MAPUTO (AFP) – Activists of Mozambique's ruling Frelimo party staged nationwide marches on Saturday to protest against deadly armed attacks that rocked the country the day before and raised fears of heightened political unrest.
Two people were killed in three separate attacks on Friday.
The main opposition and former rebel movement Renamo is suspected to have carried out the attacks.
Police said three vehicles were shot up along the EN1 road in central Sofala province. The attacks came just days after Renamo vowed to block the highway and cripple a vital rail link to the country's main coal fields.
The Frelimo party leadership organised Saturday's so-called "no to war" demonstrations.
"With peace we can do everything we want. War means going backwards," Frelimo's secretary general, Felipe Paunde, told around 400 supporters who turned up for the march along a main avenue in the centre of the capital Maputo.
Similar marches took place in other towns, notably the southern Xai Xai and Chimoio, but not in the central region threatened by Renamo attacks.
Prime Minister Alberto Vaquina described the attacks as "regrettable."
Until 1992, Renamo, which was founded as an anti-communist group, and the Frelimo-led government fought a brutal 16-year civil war, which resulted in the deaths of around one million Mozambicans.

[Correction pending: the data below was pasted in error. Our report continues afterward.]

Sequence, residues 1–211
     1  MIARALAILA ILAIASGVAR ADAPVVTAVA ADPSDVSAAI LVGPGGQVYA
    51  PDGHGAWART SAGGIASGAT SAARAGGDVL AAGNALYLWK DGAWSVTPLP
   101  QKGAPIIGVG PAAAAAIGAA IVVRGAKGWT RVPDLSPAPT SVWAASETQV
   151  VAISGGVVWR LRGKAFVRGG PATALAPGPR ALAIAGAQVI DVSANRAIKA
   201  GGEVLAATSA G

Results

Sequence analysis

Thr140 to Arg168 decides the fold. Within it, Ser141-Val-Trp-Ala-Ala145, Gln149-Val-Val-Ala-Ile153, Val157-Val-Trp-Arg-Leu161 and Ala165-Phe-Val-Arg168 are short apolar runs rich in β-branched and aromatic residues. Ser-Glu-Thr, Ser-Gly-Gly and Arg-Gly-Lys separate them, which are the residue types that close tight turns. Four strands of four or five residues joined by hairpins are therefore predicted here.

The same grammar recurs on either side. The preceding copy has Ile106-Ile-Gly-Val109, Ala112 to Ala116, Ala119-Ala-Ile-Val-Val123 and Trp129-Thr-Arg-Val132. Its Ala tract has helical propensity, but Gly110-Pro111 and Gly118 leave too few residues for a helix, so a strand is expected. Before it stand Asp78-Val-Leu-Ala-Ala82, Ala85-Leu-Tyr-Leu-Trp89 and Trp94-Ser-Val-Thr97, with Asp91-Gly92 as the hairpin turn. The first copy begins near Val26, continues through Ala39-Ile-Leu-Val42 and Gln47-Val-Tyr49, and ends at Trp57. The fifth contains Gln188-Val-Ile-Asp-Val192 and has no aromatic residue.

Renamo's support base has since ebbed away, while its leaders have been kept away from the spoils of the country's economic boom.
Six rounds of talks with the communist-rooted Frelimo government about Renamo's demands for more representation in the armed forces and a cut of coal and gas revenues have failed, raising tensions further.
But the Frelimo led government's chief negotiator in the negotiations with Renamo that have been on going since May, Jose Pacheco, said the latest attacks would not scuttle its resolve to forge ahead with talks.
"We continue to be open to dialogue as government. We will be present for talks," he told Radio Mozambique.
He nonetheless lashed out at Renamo leader Afonso Dhlakama as someone who had "abandoned democracy." He said Renamo "were born violent and grew up violent. We want peace."
Meantime, despite a climate of fear and uncertainty over whether the attacks will continue, President Armando Guebuza continued on the campaign trail Saturday, drumming up support for Frelimo in the remote northern Niassa province ahead of municipal polls scheduled for November.
Renamo's previous threats of violence had largely been discounted as a strategy to extract concessions from the Frelimo government.
But since Renamo civil war general Dhlakama set up a military base in the Mozambican bush in October 2012, threats have been matched by a series of attacks.